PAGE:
It's much easier to manufacture a link than it is to earn a link from a real high-quality site. So people will do what's easier and what they can sell. Still at street level, the majority of SEO companies are still doing some form of manufactured link building.
Whether that's just large scale guest posting, or what we still feel like are these private blog network type approaches, where people are buying up expired domains, putting a simple one page website on there. You'd think that these approaches would have died out a long time ago, but they're just easy to scale.
So folks will ultimately do what's easier.
You've also got this situation where your average customer just doesn't know any better.
The mentality of the smaller customers, at least, is: if it's working, it must be good.
Well, that's okay, until it isn't working anymore. The investment you've made over the last X years is suddenly turned to dust.
Ultimately I would say that's primarily financially driven, or ability-driven by the smaller agencies.
Carmen: Do you have any predictions right now about trends we can expect to see in the next 6-12 months?
Marcus: In organic search, primarily?
Again, I think more of the same. I think we're seeing more and more snippets, and the snippets are getting stronger. So the big prediction, I guess, is that more and more queries will not generate a click.
The user will get the information they require within the search results without needing to exit or leave the page of results. Google keeps those people on Google longer.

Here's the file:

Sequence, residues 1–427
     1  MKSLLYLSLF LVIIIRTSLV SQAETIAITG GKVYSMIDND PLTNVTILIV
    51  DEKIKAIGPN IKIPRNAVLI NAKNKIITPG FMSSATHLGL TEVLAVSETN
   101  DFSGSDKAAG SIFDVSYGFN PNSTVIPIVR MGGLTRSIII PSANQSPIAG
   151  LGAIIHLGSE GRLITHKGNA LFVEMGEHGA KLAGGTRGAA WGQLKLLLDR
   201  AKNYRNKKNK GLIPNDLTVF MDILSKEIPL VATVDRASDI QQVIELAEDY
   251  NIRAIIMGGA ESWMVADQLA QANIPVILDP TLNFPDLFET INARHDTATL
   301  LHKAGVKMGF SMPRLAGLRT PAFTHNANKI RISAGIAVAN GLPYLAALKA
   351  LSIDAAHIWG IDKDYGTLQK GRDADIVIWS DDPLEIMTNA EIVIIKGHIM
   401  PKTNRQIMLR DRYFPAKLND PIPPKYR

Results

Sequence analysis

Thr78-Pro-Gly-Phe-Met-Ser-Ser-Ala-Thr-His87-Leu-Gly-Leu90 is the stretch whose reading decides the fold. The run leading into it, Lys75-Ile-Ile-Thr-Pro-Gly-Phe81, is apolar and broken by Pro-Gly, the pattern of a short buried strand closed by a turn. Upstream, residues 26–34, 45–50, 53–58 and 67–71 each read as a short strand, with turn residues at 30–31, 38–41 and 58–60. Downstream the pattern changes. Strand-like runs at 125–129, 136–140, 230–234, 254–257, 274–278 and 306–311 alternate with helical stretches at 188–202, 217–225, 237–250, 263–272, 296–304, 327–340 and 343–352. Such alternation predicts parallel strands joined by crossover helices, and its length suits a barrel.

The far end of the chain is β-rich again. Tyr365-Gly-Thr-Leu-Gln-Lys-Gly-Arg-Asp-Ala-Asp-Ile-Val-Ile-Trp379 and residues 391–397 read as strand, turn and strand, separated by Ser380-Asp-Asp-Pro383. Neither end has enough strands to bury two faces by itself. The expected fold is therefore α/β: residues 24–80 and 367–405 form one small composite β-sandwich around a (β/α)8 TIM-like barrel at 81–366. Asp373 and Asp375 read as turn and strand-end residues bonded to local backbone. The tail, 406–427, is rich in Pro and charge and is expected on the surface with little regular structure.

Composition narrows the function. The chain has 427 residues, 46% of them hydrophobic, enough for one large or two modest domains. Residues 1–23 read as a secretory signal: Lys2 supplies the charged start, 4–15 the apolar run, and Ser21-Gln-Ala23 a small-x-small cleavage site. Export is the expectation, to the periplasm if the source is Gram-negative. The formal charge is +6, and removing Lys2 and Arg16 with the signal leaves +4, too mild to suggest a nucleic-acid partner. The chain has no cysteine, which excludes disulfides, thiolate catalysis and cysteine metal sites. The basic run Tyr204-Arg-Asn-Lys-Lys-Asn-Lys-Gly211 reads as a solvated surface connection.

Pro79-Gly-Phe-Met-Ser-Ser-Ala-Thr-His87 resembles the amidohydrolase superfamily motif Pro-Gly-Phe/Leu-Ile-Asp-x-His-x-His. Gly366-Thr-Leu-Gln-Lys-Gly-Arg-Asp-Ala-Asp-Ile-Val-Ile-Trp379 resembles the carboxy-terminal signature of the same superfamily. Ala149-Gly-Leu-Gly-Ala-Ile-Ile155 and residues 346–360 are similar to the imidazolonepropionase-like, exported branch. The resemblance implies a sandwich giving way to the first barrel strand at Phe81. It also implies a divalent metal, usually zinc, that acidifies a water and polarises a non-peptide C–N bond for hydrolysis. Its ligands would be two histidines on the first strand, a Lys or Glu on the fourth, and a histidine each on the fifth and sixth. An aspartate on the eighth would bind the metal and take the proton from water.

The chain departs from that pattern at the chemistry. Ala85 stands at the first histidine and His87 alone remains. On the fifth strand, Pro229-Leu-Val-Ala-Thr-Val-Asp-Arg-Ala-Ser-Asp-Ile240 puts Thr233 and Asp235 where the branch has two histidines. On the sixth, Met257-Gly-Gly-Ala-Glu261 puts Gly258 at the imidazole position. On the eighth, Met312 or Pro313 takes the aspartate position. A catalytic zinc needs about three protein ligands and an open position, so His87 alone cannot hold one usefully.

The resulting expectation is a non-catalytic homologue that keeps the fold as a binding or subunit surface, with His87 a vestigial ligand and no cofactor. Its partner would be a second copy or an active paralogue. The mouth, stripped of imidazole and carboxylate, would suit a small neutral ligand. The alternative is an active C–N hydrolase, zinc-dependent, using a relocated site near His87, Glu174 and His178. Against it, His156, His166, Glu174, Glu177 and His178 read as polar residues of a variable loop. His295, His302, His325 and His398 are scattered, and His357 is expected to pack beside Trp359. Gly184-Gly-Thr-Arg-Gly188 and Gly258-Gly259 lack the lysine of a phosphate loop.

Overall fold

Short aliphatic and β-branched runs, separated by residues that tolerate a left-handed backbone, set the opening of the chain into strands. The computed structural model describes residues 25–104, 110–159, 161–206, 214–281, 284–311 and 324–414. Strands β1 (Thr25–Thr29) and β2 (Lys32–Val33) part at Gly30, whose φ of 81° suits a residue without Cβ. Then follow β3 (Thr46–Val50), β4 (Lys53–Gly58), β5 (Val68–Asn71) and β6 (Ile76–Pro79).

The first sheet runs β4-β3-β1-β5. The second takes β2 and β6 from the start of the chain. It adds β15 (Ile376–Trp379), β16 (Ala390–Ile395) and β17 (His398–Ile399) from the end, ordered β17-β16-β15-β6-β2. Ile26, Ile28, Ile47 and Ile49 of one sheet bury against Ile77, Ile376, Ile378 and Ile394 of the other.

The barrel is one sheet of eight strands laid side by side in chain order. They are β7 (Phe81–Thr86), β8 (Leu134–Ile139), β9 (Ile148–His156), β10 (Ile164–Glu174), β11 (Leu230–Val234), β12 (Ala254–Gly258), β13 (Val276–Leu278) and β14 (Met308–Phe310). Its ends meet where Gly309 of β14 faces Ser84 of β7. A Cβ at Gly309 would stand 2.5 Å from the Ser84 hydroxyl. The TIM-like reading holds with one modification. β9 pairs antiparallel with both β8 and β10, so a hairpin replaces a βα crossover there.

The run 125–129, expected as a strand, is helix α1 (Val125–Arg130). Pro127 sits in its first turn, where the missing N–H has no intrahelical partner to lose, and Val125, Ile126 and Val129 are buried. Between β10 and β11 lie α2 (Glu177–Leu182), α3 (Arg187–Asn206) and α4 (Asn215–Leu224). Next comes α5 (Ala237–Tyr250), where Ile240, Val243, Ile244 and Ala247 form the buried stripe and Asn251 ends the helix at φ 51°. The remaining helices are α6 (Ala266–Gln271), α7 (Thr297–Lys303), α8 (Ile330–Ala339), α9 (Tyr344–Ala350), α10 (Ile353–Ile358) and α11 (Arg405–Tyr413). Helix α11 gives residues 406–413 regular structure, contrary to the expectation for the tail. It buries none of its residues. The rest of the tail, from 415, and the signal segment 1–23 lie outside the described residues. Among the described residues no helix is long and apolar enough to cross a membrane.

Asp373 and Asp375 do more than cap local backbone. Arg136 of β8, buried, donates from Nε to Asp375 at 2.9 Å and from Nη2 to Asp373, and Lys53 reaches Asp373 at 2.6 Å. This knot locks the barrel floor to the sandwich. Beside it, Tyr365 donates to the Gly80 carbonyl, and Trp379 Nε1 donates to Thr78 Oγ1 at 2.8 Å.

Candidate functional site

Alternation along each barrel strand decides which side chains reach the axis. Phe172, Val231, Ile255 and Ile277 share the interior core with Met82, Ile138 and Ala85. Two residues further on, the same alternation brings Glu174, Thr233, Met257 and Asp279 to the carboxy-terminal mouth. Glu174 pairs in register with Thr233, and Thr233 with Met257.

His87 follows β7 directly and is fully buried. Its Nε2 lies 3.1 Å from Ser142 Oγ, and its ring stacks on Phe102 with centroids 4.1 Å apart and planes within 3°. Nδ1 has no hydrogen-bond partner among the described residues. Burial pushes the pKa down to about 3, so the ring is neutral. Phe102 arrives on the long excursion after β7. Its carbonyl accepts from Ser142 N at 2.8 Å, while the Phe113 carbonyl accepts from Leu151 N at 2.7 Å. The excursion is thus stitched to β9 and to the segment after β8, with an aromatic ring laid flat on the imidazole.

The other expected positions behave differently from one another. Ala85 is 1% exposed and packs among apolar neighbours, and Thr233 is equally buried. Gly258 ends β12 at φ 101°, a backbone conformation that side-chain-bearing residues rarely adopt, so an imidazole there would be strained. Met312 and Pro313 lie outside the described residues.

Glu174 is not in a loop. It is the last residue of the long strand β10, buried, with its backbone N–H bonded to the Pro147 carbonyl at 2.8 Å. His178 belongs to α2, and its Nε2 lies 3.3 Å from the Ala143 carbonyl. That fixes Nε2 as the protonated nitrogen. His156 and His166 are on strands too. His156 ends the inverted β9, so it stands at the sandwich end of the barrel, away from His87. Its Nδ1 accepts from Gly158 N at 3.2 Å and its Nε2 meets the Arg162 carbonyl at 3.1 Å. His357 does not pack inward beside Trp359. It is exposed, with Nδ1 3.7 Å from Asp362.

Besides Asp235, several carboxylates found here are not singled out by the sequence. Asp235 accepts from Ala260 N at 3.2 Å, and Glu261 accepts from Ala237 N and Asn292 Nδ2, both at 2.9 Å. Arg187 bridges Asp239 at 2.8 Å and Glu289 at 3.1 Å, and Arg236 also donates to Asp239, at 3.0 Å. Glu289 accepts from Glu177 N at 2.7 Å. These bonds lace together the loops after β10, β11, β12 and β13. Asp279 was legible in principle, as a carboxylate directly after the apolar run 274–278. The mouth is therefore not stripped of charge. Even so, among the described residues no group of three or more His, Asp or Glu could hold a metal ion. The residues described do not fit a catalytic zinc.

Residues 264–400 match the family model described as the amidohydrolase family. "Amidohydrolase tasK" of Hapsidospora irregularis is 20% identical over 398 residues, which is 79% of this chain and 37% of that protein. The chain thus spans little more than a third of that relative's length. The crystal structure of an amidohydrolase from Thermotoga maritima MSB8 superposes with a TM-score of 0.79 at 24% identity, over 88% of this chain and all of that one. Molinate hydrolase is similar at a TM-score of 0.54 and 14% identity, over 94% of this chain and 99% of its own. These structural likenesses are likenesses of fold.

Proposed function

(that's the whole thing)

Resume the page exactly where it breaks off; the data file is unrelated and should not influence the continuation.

Google's interesting by its nature. Because a search engine exists to send people somewhere else, or, at least, historically, that was the whole purpose of a search engine. But look at social networks. A social network exists to keep people on the social network. Facebook, for instance, their scope for showing ads to people is generally broader than the search engine scope for showing ads to people.
So, you know, definitely we see more and more queries or searches that aren't driving clicks.
We have a customer that develops mobile apps. They see a snippet pop up for one of their main search queries. We know this is one of their main converting search queries as well, because we do their PPC as well. And although they were still technically organic first, they saw a drop of about 70% in click-through just from the introduction in the snippet. So these changes to the SERPs, they can have a massive impact.
I predict more and more searches where Google will try to answer the question themselves.
On Google's future as a Pay-To-Play business model
Carmen: It seems like it would make it hard for a business to get customers that way. If even the high-converting queries are keeping people on Google's page - how, then, do we get to a point where a searcher chooses that business?
Marcus: Well, traditionally the kind of queries that would generate a featured snippet aren't necessarily high-converting queries. They're probably more informational. So they are probably higher up the funnel. They're more queries you may be using to get those first clicks through to your site, then you can follow up with some remarketing or whatever other tactics or other platforms.
For example, we've got an ad on our site for beginner's SEO tips. It shows a snippet.